Soar like a Rocket Man, climb up skyscrapers like Spiderman, smash everything around you like the Incredible Hulk, and get run over by a bicycle and die in agony like a shrew. This is Rope Hero Vice Town – brutal, paradoxical, strange.
Visuals – 9.5/10
Okay, Rope Hero’s graphics gave me sorta mixed feelings. On the one hand, it’s barely Vice City, even when launched on PC. On the other hand the in-game map – although not as broad as you’d want it to be – has been designed with remarkable meticulousness.
We have all types of buildings – from single-storey houses to Babylon tower-like skyscrapers, imitating the most prominent tall buildings that NY and other American megalopolises are famous for. But once you get too far from them, they turn into grey silhouettes. The vehicle and NPC models can boast of acceptable quality as well – even their plastic looks don’t spoil the overall picture. Moreover, the graphics are adjustable in case your device lacks enough RAM.
Physics of Rope Hero are its central advantage – either you do a “rope flight” or pull a vehicle towards yourself – it looks breathtakingly awesome. But still a certain portion of absurdity is unavoidable: our hero can kick a police SUV and make it fly through the air like it’s an inflatable toy, but at the same time he falls clumsily on the ground whenever he gets hit by a bicycle. This controversy really made me raise my brows. The sound effects immerse you in an urbanistic atmosphere well enough.
The core of the R.H.V.T. – 9.5/10
You start off as a nameless hero dressed in a latex suit similar to those that are worn by Mexican wrestlers or BDSM enthusiasts.
According to the poorly written plotline, this suit endows our hero with super powers but in turn, takes all of his memories as a toll. And now you’re on the quest of discovering the Rope Hero’s identity, which includes wrecking the city, intimidating passersby, killing dope-pushers and police officers on duty. I don’t know either it’s an intended irony or lack of a professional writer, but all the dialogues in the game inundate you with a frightening vacuousness. Regularly you just run into a random guy who asks you to kill someone for him as if it was an ordinary request like buying milk in a grocery store.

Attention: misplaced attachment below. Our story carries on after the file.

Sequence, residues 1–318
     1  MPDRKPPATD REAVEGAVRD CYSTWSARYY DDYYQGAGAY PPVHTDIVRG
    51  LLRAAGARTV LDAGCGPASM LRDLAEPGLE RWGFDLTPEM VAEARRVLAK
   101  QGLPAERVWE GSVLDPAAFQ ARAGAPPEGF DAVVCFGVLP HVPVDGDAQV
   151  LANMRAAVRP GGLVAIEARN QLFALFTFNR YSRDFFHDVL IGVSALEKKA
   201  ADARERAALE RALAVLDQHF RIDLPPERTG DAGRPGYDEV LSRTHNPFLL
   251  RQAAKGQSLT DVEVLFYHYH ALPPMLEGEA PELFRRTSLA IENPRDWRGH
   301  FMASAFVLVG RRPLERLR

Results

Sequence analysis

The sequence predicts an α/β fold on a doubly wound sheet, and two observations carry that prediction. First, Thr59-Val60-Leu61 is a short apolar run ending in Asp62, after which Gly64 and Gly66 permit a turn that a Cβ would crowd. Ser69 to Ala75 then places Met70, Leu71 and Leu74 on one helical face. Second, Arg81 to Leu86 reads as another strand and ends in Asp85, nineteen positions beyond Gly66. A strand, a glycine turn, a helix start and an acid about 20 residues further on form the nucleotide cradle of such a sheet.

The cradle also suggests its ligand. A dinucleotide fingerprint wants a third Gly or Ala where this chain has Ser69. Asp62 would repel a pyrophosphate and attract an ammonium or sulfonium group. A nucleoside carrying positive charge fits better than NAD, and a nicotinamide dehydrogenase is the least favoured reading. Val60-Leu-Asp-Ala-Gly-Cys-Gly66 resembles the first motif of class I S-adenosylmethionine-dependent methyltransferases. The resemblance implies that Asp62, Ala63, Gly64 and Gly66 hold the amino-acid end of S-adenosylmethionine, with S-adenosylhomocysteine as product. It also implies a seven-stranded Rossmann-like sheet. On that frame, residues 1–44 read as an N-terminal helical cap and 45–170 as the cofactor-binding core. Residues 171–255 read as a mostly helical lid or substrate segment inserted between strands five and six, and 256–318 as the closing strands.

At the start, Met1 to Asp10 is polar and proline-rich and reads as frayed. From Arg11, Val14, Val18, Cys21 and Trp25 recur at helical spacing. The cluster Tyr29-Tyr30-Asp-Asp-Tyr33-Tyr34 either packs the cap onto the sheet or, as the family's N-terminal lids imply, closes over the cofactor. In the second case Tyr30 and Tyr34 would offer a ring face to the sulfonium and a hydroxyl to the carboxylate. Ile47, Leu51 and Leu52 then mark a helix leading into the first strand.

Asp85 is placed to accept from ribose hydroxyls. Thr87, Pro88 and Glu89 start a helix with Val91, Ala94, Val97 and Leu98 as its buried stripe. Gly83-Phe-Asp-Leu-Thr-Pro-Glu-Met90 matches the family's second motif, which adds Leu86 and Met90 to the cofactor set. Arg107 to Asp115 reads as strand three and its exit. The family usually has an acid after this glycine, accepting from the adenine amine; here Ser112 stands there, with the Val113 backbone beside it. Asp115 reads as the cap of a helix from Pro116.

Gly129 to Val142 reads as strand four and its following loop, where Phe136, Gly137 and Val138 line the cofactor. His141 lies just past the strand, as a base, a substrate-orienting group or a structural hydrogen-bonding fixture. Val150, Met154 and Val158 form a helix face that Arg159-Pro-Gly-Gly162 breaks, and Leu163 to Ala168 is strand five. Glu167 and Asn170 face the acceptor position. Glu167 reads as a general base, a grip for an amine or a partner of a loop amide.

Throughout the game your only trustworthy companion will be a magical rope that can help you:
- Get to the top of the tallest building.
- Snatch people or vehicles.
- Save your life in a shootout.
Apart from the rope, you can utilize a number of weapons:
- Grenade launcher.
- Gatling gun.
- Human flesh disintegrator.
- Meat hatchet.
And other bizarre tools of destruction.
The vehicles range from a kid’s bicycle to a Lamborghini and even a military helicopter, and I gotta admit they are easy to control. Plus you get two radio-stations: Rooster FM (obscure hip-hop) and Discharge (smth like classic DnB).
Once your mischief gets out of hand, the police arrive at the scene to turn you into a tea strainer but do not expect SWAT, tanks and national guards to join the party, like in GTA. They won’t come. The game is free, but you can spend up to $121 on extra stamina/power-ups.
Controls – 9/10
Controls vary a bit:
- Hero controls – the directional pad (left), attack/mount a vehicle/jump buttons (right).
- Vehicle controls – wheel (L.), gas/brakes pedals (R.).
- Helicopter piloting – take-off/landing, steering (L.), right (R.).
They seem to be smooth as long as you don’t have to do some frenzy action (shooting a bunch of cops) – in that case, you’ll need very agile fingers.
I sincerely enjoyed the rope action, but it’s not enough. The game needs a more elaborate plotline, more humorous dialogues, tenacious enemies, challenging missions and exploding helicopters. So far it’s decent but half-baked.
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